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goal orientations and typology of women entrepreneurs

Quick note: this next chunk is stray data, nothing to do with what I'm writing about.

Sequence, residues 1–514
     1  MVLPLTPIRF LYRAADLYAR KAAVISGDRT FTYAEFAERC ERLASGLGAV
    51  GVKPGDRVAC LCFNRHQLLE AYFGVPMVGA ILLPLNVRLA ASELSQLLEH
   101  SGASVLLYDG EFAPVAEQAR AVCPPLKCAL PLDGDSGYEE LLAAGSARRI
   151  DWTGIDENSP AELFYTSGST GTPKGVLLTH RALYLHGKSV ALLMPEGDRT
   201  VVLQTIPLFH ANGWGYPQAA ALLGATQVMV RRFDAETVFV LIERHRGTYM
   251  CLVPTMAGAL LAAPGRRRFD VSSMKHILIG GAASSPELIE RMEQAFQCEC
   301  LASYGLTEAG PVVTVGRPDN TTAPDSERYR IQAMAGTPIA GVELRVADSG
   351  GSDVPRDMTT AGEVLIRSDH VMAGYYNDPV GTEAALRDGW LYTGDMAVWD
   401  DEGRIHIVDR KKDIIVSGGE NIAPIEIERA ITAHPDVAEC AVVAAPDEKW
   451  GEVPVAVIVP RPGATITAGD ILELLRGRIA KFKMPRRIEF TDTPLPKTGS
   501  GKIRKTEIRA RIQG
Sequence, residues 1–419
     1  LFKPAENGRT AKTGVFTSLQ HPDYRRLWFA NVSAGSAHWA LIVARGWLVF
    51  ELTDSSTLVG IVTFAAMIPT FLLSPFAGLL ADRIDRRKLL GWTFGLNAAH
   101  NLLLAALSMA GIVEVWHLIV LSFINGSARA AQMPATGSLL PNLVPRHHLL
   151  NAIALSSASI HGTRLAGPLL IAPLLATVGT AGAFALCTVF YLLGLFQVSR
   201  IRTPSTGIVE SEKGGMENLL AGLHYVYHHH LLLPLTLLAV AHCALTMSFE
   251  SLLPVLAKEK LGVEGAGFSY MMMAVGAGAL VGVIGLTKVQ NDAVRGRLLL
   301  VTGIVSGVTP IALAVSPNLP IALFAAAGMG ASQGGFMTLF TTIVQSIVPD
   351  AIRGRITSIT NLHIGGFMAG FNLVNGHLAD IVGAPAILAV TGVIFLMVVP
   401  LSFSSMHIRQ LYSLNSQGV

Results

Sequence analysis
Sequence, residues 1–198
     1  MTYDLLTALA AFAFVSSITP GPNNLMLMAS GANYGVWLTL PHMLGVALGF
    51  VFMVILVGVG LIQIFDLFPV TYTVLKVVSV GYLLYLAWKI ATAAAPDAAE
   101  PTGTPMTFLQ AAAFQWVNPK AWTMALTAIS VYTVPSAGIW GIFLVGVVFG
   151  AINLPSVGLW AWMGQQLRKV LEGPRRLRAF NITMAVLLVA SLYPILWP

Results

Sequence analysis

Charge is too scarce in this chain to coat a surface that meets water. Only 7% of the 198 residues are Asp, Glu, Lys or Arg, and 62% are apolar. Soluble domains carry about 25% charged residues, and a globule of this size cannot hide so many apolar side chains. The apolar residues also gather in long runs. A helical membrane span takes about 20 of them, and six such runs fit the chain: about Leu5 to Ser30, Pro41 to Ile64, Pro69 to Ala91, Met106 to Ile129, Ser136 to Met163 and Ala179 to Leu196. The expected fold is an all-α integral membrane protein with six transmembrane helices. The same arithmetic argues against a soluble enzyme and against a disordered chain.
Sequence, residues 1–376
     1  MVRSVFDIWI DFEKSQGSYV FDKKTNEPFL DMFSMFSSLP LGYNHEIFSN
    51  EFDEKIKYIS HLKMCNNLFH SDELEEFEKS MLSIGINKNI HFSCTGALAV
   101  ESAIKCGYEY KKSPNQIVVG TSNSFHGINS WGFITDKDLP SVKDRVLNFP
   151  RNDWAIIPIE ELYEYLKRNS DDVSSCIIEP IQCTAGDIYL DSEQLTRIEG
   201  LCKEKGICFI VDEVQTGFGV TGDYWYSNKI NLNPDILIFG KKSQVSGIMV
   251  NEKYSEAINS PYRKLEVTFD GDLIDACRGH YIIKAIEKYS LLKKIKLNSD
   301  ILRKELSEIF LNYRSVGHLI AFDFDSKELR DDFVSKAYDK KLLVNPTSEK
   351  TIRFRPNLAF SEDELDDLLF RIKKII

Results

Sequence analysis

Goal Orientations of Women Entrepreneurs Cooper (1981) classified factors that influence the initial entrepreneurship decision into three categories; the antecedent influences, (the entrepreneur’s background, family influences, education and previous career experiences); the incubator organization (organization of immediate previous employment in terms of geographical location, skills and knowledge acquired, networking with other entrepreneurs and experience in small business setting); and the environmental factors (economic conditions, access to financing and support service). Cromie (1987) observed that both male and female entrepreneurs have multiple founding motives and that non-economic motives are very important for them too. Various approaches have been used by researchers to study factors that drive women into business. A more common way of explaining the different motivation for women to start a business is by examining the pull and push factors (Gilad, 1986; Olofsson and Petersson, 1986; Buttner and Moore, 1997; Solymossy, 1997). Some of the push factors mentioned are insufficient family income (Huq and Richardson, 1997; Izyumov and Razumnova, 2000), job dissatisfaction or frustration (Orhan and Scott, 2001), obligation to continue family business (Orhan and Scott, 2001), difficulty in finding work (Izyumov and Razumnova, 2000) and the need for flexibility to balance family responsibilities with gainful employment (Ufuk and Ozgen, 2001a; Huq and Richardson, 1997). The pull factors noted in the literature are desire to be independent (Huq and Richardson, 1997; Orhan and Scott, 2001), self-achievement or self-fulfilment (Hisrich and Ozturk, 1999; Izyumov and Razumnova, 2000; Ufuk and Ozgen, 2001a), innovativeness and desire for wealth, and social interest (Orhan and Scott, 2001). Although men and women have demonstrated similar entrepreneurial motivations (Birley, 1989; Buttner and Moore, 1997; Orhan and Scott, 2001), women are characterized as being more motivated by non-economic goals than men (Cromie, 1987). According to Carter (2002), women have slightly less expectation compared to men that income from their business would be the primary income for their family. Women attempt to maintain equilibrium between economic goals such as profit and growth and non-economic goals such as personal fulfilment and independence (Brush, 1992; Rosa et al. 1994; Schindehutte et al. 2003). Bruke et al. (2002) observed that contrary to the traditional view, having nonpecuniary motives did not necessarily affect the business in a negative way. In fact, they found those motives have negligible effect on the performance of women entrepreneurs. Others suggested that women choose self-employment primarily because of the flexibility it allows them to balance family and work (Scott, 1986, Ufuk and Ozgen, 2001a). Kolvereid et al. (1993) earlier found this motive to start a business to be unique to women only. Schindehutte et al. (2003) suggested that women value the ability to pursue career goals in tandem with family obligations. Such priorities, could lead them to implement less aggressive and less growth-oriented strategies (Chaganti, 1986). According to Huq and Richardson (1997), some women are more inclined to venture into business due to their needs to supplement family incomes and some participated in business as a hobby or to gain more freedom. Anna et al. (1999) postulated those differences (motives or reasons why women venture into business) to relate to the type of business they choose to start. Dyer’s (1994) review also suggested that different types of entrepreneurs have different motives and conduct different types of business. According to Bird (1988), entrepreneurial goals set the form and direction of organizations at their inception, thus influence subsequent organizational outcomes such as survival, growth,